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Puddin’ head

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Recently, my sister, Janet, and I were having lunch at the Pickled Owl in Hurleyville. We were surprised to find a short stack of cards on the table, held together with a diminutive clothespin. On each was a question such as “What famous person, dead or alive, would you like to meet?” or “If you could live anywhere, where would it be?” We had so much fun responding to the questions that we grabbed the piles from other unattended tables and answered those as well. Apparently, the Pickled Owl’s owner created the cards to encourage patrons to converse with each other instead of staring at their cell phones while they ate.


Janet and I liked the idea so much that we went home and constructed our own cards with the idea that we would bring them on our upcoming trip to Oaxaca, Mexico. Without conferring or looking at each other’s, we wrote out questions on both sides of the cards, placed them in a pouch and brought them on our trip.


Many of the guests at Hotel Las Mariposas return year after year; this was only our second stay. We were happy to find that Suzanne from Tennessee, whom we’d met the previous year, would be there when we were. When we mentioned our experience with the cards, she enthusiastically responded that she’d love to see them and felt sure that other guests would be game. At Suzanne’s urging, we brought out the cards one evening and a half-dozen people, some new acquaintances and others we’d met last year, were sitting around a long table situated on the lovely courtyard patio—sipping wine, mezcal, or tequila and nibbling on guacamole with salty plantain chips and Oaxacan string cheese. To our surprise, the group was not only open to responding to the questions but began to request that we bring out the cards on subsequent evenings. I was amazed at how honest and forthcoming everyone was. 


One of the questions I’d written which had special appeal, given my interest in food, was: “What would be your last meal, if you could have anything you wanted?” I was slightly embarrassed when Janet chose dishes I had made for her that have become favorites. “I’d start with Jude’s French onion soup; then her rare duck breast with mango and fig sauce served with cheesy creamed spinach.” Her dessert, however, was not of my making. “Warm apple pie with a scoop of coffee ice cream, not too close to the pie,” she concluded. Anita went whole-hog: “First, I’d have lobster bisque and New England clam chowder,” she said. I looked at her wide-eyed. “What? It’s my last meal,” she protested, “what does it matter if it’ll kill me?” Janet momentarily reconsidered having some shrimp, which she is allergic to, but stuck with her original menu. Anita finished up her meal description with double portions of heart-stopping carbs, proteins and sweets.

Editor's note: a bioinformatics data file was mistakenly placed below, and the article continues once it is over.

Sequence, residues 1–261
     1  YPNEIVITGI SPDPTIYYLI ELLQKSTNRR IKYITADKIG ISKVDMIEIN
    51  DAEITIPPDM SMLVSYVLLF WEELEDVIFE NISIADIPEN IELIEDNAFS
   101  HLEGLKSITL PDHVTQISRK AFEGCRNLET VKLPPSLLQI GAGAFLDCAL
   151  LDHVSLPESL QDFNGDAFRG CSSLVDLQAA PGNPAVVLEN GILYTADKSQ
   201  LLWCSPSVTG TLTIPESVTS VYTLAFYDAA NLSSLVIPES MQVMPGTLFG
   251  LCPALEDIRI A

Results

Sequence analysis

Jose, visiting Las Mariposas from his home in Guanajuato, Mexico, concentrated more on the libations to go with his food. Whatever he chose to eat, he added, “With tequila.” And for dessert, we asked? “Tequila, of course.”


Other people piped up with cuisines from around the world. Sue, a former Spanish teacher who visits Spain as often as Mexico, described a Spanish dish of mariscada (mixed seafood) served over saffron rice and concluded her meal with flan. Another person wanted the seven-mole sampler served just a few blocks from our hotel, while someone with a sweet tooth chose a meal composed only of desserts.


Rick, also from Tennessee, looked thoughtful when it was his turn. “Lemme think a minute,” he said with his slow southern drawl. A second later he was nodding his head, having made up his mind. “Aah have to admit Aah’m a meat’n potatas kinda guy, so that’s what Aah’d chose for mah main. For dessert Aah’d have mah favorite dezert, which is, of course, bananna puddin’.’” Everyone at the table smiled and I nearly fell off my chair. “Did you just say, bananna puddin’?” I asked, echoing his pronunciation as best I could. I wasn’t trying to make fun of him, honestly, but I’d never heard someone pronounce pudding without the “g,” and something about the way he said banana, elongating the “n” sound, sent it over the top. I’d never even heard of banana pudding. Rick smiled broadly and shrugged. Luckily, for me, he had a sense of humor and generously allowed me to gently kid him in the days to come, by asking if he’d gotten a hold of any banana puddin’ lately.

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